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The former Capitol cinema building – a classicist work of art

In 1890, the retail building at Mannerheimintie 16 was completed. Some 35 years later, the largest and most modern cinema of its day, the Capitol, opened its doors in the building. It was here that a talking motion picture was shown in Finland for the first time.

The retail building was initially designed by August Nordberg. Several smaller buildings and extensions had already been constructed in the courtyard, which housed a printing press in the 1880s.  The plot was owned by Weilin Göös until 1917.

In 1925, Wäinö Palmqvist designed more buildings and the expansion of old courtyard structures for a new cinema. Architect Hilding Ekelund was charged with designing the cinema’s interior, and some of the most famous artists of the time were invited to create the decorations. Toivo Vikstredt painted the theatre’s ceiling frescos, and Gunnar Finne, Höran Hongell and Gunnar Forsström designed the relief medallions.

Photo: Helsingin kaupunginmuseo / Eric Sundström

In his article in the Monographs of the Museum of Finnish Architecture, professor Wilhelm Helander states that the Capitol was one of the most sophisticated interior designs of its era and the most important work of Ekelund’s career.

A pioneer in cinemas

The Capitol was opened to the public in October 1926. Its theatre had 938 seats, a third of them in the galleries. In terms of movie technology, the cinema was the best in the country. Gustaf and Larissa Molin owned the establishment until 1946.

Gustaf Molin was a mogul of the movie business in his time, and the Capitol was the flagship of his company, Kosmos-Filmi.

It was in the Capitol cinema that moviegoers could listen to the first sound film or “talkie”, Sonny Boy, in the autumn of 1929. A full-page advert in the magazine Suomen Kuvalehti announced Sonny Boy’s arrival to the only sound film cinema in the land: the Capitol.

Photo: Helsingin kaupunginmuseo / Olof Sundström.

In the 1930s, Kosmos-Filmi focused on introducing Finns to European movies. Gustaf Molin died in 1938, and the company was left to his wife Larissa. During the war years, imported movies consisted of German pieces.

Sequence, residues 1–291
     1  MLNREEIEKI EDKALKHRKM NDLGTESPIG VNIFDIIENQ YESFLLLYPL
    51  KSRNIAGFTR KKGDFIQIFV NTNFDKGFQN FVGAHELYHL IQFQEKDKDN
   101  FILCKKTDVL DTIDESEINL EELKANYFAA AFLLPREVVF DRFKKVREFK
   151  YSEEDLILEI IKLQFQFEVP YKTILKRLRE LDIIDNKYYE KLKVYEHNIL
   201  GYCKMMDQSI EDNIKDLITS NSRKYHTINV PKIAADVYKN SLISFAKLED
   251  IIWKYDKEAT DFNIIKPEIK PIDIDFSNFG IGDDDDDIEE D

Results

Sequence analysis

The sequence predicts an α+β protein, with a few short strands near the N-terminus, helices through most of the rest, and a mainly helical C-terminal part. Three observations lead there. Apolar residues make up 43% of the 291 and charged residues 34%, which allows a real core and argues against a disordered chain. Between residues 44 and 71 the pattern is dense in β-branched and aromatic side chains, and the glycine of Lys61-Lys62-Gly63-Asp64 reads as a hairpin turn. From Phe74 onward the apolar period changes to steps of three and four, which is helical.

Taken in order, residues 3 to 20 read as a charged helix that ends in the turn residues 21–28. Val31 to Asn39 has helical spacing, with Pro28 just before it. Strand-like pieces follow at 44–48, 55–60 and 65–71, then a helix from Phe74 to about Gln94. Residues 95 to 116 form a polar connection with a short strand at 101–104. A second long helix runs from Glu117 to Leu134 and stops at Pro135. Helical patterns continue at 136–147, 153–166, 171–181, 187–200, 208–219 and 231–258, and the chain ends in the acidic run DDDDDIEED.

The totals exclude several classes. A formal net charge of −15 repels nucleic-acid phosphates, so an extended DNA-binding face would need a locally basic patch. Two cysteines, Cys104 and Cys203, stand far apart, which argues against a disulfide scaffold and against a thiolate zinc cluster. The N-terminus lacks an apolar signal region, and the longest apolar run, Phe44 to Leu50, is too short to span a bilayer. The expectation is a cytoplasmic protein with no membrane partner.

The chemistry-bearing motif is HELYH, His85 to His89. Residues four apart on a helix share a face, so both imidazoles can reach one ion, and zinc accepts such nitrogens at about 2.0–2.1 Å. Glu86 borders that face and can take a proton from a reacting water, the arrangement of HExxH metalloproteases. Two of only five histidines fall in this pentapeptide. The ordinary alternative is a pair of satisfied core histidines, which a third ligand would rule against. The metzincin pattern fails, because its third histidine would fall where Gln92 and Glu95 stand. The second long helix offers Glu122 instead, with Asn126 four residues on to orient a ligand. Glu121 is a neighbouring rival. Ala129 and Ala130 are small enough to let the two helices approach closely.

After the war, the Capitol would serve as a stage to show Soviet cinema in Finland. Ownership of the Capitol was passed to Soviet hands as part of the peace terms of the Second World War. As Larissa had wed Friedrich Köhler, a German, near the end of the war, the company Kosmos-Filmi and its cinemas were thus also German property. The terms of peace decreed that all German possessions in Finland must be transferred to the Soviet Union.

Helsinki was the only city in Western Europe where Sovexportfilm, the export agency of Soviet movies, had both a cinema and an office. It operated in the Capitol until 1982.

In 1966, the Capitol received a new, lighter colouring, and its equipment was modernised. Most of the decorations and old lightings were removed. The audio system was improved to stereo sound, and an enormous new screen was installed.

Photo: Helsingin kaupunginmuseo / Ritva Katajisto

An ill-fated renovation

The cinema underwent renovations between 1982 and 1985. The theatre dome and its frescos were damaged by fire during the project, but reconstructed during the repair work. The Capitol’s facilities became part of the new Forum cinema.

Forum was the first multi-theatre cinema in Finland. It was named Forum 7 due to its seven theatres, one of them being the Capitol theatre.

Bio Capitol is considered to be a comprehensive artwork in the 1920s classicist style. The Capitol is one of very few cinemas to have survived the rampant dismantling and demolishing of the 1980s. The interior of the Capitol is extremely valuable architecturally, and has partial listed status.  When the Forum cinema closed down in 2006, the venue had served in its function, nearly uninterrupted, for 80 years.

Renovations began the following year to transform the facilities into a theatre restaurant and night club. The designs needed to take into account the protected status of the premises. This meant, for example, that the bars and fixture installation floors must be lightweight structures. The theatre needed to be easily restored to its previous state. Decorations or decorative paintings may not be damaged.

The former cinema now hosts a night club and a restaurant. The property’s side facing Yrjönkatu was completed in 1908 and represents the neo-renaissance of the early 1900s.

The Forum Block itself is one of the busiest thoroughfares in Helsinki. An underground walkway connects it to other parts of the city centre. In the future, Forum will also have an entrance to the new commuter train line, City Rail Loop.

Basic information:

  • Address: Mannerheimintie 16
  • Year of construction: 1890
  • Architects: August Nordberg and Wäinö Palmqvist
  • Style: classicism
  • ​City block: Kukko

Published 6.7.2017